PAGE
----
102 Bamford, Esotericism Today, p. xxvii. 
103 Corbin, Voyage, Introduction by Christopher Bamford, p. XLVIII.  
104 Explain term Orient and Oriental Philosophy. 
105 Henry Corbin, Avicenna, p. 116. 
106 We shall define the nature of this Oriental Philosophy when we turn to Suhrawardi. It was Corbin who designated Avicenna as an Oriental Philosopher or theosopher. This designation was new and created an avalanche of criticism and opened a debate within Islamist and Orientalist circles that still continues. For a criticism of Corbin’s position on Avicenna see: A.M. Goichon, Ahmad Amin, and Dimitri Gutas for example disagree with Corbin’s fundamental understanding of the recitals as visionary symbolic narratives. A.M. Goichon, Lexique de la Langue Philosophique d’Ibn Sina, Paris:Desclee de Brouwer, 1938. Dimitri Gutas, Avicenna and the Aristotelian Tradition, Leiden: E.J. Brill, 1988. 
107 Seyyid Hossein Nasr, Three Muslim Sages: Avicenna, Suhrawardi, Ibn Arabi, (Cambridge Massachusetts: Harvard University Press, 1964)., p. 27. 
108 Ibid, p. 29. 
109 Corbin, Avicenna and the Visionary Recitals, p. 67. In regards to the figure of the Metatron, Corbin explains: “Levi ben Gerson, deriving the name Metatron from the Latin mater, defines that Angel as Active Intelligence.” “Metatron as First Spirit, from whom all individual Spirits have emanated, is present in the latter and in all men as long as they remain in contact with the divine spiritual source. Metatron represents the  pilgrimage of the Spirit, its descent and ascension. The identity of the Metatron with Enoch symbolizes the descent of the Spirit into earthly life—that is, into the existence of earthly man—and the ascent of this earthly man to heavenly being. In heaven he is the interpreter of man’s pilgrimage. As the etymologies of his name (Metator, Mithra, Mater-Matrona, related to Shakhina, Metathronos, etc). Corbin, Avicenna, p. 66. See also Harold Bloom, “The Ksbbslsh: Metatron, The Lesser Yahweh,” in Omens of Millenium: The Gnosis of Angels, Dreams, and Resurrection, Riverhead Books, New York, p. 202-207. where he defines the Metatron as “the Kabbalistic Angel of Divine Presence, who is the transmogrified patriarch Enoch,” p. 202. See also Gershom Scholem, Origins of the Kabbalah, edited by R.J. ZWI Werblowsky. Translated by. Allan Arkush, The Jewish Publication Society, Princeton University Press, 1990, where he quotes Isaac the Blind as saying that: “Metatron is only messenger, and not a specific thing bearing that name. Rather, every messenger is called in Greek metator, and perhaps the messengers received the influx of the [tenth sefirah] named ‘atarah to fulfill their mission.” Scholem continues: “Metatron is therefore not a proper name at all but a designation for the whole category of celestial powers performing a mission.” P. 298-299. There are striking parallels with the Archangel Gabriel as the Tenth Intelligence in the cosmology of Avicenna and Suhrawardi.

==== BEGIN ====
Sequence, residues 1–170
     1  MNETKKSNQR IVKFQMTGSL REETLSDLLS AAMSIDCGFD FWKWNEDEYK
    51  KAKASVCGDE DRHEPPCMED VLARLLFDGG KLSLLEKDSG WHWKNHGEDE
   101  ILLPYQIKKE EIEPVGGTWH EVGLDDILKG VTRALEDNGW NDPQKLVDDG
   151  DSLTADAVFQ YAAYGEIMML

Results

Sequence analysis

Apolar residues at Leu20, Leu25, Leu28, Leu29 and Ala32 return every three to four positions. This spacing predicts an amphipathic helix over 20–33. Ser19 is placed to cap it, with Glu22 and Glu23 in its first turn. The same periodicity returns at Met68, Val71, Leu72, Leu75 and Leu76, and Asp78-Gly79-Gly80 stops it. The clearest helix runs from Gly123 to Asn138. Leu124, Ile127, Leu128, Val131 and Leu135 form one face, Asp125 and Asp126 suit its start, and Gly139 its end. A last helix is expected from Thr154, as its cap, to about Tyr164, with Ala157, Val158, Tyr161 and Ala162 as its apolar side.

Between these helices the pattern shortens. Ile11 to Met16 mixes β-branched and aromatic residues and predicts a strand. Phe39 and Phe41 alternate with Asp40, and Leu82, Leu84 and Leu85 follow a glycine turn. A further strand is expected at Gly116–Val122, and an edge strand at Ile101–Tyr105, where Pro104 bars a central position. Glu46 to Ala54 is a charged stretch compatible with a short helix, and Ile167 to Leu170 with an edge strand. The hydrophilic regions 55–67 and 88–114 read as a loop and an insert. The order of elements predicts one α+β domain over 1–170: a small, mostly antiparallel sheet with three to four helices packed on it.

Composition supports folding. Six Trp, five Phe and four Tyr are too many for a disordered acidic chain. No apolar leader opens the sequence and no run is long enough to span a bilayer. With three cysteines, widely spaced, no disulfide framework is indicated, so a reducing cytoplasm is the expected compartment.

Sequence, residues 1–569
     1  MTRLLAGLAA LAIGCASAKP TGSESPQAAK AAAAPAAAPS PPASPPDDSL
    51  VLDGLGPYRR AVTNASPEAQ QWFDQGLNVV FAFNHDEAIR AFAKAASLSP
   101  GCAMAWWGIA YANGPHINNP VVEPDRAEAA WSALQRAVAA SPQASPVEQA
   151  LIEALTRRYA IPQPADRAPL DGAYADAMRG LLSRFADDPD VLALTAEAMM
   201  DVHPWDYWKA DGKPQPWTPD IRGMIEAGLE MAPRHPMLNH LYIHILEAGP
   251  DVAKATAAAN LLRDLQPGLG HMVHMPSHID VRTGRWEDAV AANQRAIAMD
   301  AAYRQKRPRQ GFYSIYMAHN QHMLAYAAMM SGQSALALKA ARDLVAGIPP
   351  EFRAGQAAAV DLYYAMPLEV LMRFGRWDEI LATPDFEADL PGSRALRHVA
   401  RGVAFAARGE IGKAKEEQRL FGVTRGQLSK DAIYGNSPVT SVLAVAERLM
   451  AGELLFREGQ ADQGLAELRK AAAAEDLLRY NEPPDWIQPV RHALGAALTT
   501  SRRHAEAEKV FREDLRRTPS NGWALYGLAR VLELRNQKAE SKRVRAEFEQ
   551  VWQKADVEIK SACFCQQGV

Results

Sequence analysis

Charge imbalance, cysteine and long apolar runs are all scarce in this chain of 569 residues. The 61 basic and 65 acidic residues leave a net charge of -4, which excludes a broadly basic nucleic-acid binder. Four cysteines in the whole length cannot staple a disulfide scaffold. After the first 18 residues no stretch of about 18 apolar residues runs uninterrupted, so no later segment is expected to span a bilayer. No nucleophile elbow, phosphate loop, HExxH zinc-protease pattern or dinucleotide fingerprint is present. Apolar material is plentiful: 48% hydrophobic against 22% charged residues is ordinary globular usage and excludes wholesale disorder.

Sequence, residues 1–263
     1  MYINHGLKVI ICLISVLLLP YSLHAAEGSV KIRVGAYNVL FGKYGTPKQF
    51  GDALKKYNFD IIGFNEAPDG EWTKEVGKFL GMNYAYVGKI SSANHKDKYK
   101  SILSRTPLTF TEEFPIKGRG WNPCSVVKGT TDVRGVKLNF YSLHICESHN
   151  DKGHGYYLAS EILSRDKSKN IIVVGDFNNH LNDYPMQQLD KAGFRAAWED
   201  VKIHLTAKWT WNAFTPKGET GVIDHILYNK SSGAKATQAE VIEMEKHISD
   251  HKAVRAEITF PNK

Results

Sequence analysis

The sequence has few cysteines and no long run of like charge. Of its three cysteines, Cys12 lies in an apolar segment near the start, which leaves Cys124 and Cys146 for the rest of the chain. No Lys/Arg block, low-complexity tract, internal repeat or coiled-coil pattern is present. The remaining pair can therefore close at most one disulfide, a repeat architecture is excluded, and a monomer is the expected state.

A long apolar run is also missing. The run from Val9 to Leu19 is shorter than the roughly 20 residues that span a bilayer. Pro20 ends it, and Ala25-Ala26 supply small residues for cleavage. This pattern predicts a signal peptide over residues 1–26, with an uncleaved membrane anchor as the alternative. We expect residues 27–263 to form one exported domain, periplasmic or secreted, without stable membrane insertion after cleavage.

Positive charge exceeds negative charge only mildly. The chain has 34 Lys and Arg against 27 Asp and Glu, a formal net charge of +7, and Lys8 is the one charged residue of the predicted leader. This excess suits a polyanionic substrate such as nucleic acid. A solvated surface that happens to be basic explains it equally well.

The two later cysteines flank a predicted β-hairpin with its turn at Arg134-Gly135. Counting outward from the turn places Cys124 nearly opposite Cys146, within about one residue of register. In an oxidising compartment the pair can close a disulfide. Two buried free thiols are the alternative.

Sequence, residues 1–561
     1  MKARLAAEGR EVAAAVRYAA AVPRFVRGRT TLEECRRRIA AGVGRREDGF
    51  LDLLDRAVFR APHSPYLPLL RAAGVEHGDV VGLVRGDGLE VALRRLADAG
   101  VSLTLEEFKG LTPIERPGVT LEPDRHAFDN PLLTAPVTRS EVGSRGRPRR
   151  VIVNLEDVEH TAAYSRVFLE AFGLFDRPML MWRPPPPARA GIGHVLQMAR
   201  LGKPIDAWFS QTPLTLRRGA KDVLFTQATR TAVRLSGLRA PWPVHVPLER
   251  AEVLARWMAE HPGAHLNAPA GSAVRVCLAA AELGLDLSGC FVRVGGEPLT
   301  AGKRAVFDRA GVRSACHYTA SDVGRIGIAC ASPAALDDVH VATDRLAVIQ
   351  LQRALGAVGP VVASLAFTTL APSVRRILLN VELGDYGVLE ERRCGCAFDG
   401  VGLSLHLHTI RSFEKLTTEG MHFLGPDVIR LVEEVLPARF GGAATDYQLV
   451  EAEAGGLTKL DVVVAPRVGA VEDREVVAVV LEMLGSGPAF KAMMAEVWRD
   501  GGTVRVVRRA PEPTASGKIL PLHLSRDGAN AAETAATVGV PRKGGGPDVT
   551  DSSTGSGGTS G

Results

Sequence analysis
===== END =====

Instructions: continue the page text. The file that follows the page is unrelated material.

110 Corbin, Avicenna and the Visionary Rectials, p. 46. 
111 Henry Corbin, History of Islamic Philosophy, translated by Liadain Sherrard & Philip Sherrard, (London and New York: Kegan Paul International & Islamic Publications, for Institute of Ismaili Studies, 1996), p. 171. 
112 Corbin, Avicenna and the Visionary Recitals, p. 83. 
113Corbin, under the influence of Jung and the Eranos group referred to this pair of the dualitude as the ego and the Self. See Corbin, Avicenna and the Visionary Recitals, p. 20. This book was one of Corbin’s early writings. Later in his writings, Corbin would generally avoid the terminology of the Eranos group. In his History of Islamic Philosophy, Corbin avoids any of this kind of technical jargon remaining as faithful as he could to the technical vocabulary of his authors. 
114 Henry Corbin, Avicenna and the Visionary Recitals, p. 46.